Going to all these different places it’s interesting to see the different cultures but also how no matter where you are, people are really just the same. Most people have smart phones and like taking selfies. Most people are happy to help you out and want to know where you’re from. It’s amazing how cultures can be so different and yet so similar at the same time.
3. Developing perspective and appreciating all that you have
And on that note, when you go to all these places and see how people live, it makes me appreciate just how fortunate we are to live in a beautiful and safe country like New Zealand.
In most of the places we visited, the locals generally earn a low income, live in smaller houses and have a lot less in the way of possessions. This has helped us to realise, you don’t need all these “things” to make you happy. Your family, friends, experiences and what you do with your time, these are the things that make you happy. This is something most people know already, but traveling (with pretty minimal “stuff”) has helped us to really understand this a lot more.
You also learn to appreciate the little things like clean drinking water and toilets that you can throw the paper down. Things like this we take for granted in our day to day life and it’s only when they’re taken away do we realise how fortunate we are.
4. Getting out of your “normal” routine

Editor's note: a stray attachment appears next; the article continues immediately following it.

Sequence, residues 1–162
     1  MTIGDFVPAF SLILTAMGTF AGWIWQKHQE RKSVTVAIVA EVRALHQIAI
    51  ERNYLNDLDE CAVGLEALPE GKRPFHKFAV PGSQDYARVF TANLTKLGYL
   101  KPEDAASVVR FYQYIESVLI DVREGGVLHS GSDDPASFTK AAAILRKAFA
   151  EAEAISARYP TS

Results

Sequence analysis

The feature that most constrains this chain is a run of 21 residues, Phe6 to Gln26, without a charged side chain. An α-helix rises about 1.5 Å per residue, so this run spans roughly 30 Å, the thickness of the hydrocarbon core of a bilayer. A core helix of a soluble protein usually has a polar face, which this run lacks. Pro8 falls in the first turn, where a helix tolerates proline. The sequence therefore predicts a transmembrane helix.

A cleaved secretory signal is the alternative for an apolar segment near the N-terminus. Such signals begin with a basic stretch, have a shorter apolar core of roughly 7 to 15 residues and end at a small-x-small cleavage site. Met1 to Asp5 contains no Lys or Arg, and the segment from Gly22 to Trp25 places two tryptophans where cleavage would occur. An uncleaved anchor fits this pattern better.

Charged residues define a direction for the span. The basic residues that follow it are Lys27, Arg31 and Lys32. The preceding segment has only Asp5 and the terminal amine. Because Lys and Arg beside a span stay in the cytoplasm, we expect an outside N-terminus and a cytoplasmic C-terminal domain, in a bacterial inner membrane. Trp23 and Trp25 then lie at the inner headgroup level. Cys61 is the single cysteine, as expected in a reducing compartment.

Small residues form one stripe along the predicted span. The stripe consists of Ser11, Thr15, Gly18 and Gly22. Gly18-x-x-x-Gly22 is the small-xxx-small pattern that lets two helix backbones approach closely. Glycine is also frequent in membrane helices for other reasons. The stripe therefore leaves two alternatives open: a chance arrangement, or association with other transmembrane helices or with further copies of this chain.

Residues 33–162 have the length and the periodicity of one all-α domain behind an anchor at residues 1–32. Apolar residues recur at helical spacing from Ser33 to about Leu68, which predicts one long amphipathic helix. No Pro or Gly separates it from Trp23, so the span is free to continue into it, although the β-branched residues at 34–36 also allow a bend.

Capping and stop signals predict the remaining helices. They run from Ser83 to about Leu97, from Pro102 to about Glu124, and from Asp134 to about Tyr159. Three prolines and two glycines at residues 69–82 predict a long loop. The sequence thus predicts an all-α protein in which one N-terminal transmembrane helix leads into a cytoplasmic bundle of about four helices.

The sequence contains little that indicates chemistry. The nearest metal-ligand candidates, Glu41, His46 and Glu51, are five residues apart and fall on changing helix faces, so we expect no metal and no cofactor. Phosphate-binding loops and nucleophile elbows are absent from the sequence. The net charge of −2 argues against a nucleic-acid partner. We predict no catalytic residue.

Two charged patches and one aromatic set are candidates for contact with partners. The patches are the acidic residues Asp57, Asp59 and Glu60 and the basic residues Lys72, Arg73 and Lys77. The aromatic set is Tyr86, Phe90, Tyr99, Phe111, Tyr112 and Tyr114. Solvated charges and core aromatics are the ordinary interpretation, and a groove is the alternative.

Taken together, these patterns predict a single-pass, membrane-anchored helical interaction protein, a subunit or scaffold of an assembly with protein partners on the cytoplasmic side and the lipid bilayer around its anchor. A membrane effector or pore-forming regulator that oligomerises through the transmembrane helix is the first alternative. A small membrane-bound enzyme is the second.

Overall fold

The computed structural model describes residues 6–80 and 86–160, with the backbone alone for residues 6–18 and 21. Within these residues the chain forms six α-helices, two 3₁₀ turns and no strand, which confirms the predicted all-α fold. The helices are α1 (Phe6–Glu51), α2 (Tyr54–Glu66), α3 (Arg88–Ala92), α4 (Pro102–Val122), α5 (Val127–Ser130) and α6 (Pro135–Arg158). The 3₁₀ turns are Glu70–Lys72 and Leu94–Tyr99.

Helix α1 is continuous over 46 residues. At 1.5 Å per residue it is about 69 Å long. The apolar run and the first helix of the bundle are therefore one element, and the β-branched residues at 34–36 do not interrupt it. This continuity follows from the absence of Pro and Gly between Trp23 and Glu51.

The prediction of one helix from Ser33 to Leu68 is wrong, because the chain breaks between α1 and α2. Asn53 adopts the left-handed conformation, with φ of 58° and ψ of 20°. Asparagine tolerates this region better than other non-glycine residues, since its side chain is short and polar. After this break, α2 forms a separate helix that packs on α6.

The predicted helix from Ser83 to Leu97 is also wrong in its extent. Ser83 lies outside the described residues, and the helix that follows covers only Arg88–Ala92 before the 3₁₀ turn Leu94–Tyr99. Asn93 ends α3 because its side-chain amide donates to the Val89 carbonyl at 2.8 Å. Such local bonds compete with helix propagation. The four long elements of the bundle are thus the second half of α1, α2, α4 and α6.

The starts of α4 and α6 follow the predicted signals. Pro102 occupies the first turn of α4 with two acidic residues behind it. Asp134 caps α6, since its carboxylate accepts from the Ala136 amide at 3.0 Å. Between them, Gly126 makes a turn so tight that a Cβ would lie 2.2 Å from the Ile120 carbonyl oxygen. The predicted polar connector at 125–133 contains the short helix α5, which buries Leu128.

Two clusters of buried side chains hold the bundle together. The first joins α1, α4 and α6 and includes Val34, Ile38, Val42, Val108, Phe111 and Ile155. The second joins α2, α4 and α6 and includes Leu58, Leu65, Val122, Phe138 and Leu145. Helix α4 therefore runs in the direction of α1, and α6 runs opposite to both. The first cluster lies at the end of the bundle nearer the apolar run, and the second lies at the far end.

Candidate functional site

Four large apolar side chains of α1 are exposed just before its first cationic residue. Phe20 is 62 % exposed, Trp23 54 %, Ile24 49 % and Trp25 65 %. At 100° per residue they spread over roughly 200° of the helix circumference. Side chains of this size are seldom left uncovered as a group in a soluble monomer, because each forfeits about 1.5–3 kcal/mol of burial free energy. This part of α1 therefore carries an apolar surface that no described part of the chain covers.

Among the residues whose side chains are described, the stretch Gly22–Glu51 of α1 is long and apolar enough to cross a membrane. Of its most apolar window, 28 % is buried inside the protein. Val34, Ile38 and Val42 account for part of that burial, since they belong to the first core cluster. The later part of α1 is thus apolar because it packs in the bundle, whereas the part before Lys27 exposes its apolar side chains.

Every day has been an adventure. I get bored of routine pretty quickly and living on the road and exploring or working from new places every few days has been so much fun.
On this trip there’s been no “living for the weekend” or “Monday morning blues”. It’s like every day is a Saturday. We’ve been able to work when, where and how we want. Whether that’s from a Starbucks in Tokyo, a coworking space in Bali or simply in an Airbnb wearing nothing but swim shorts.
We’ve worked about 20 hours per week on average. Hayley’s been helping me with my business and being able to really get this off the ground while traveling has been something I’ve been aiming for since I first read The 4-Hour Work Week in 2011.
5. Making new friends
On our trip we’ve met made some fantastic friends. Especially in Canggu which is thriving with travellers and digital nomads. The Dojo coworking space has introduced me to so many smart people and CrossFit Wanderlust is a bursting community of friendly fitness fanatics.
Hayley made a good point which is that the people you meet while traveling are particularly welcoming because they’re away from their friends and families, just like you. So we all have to make new friends and become each other’s families.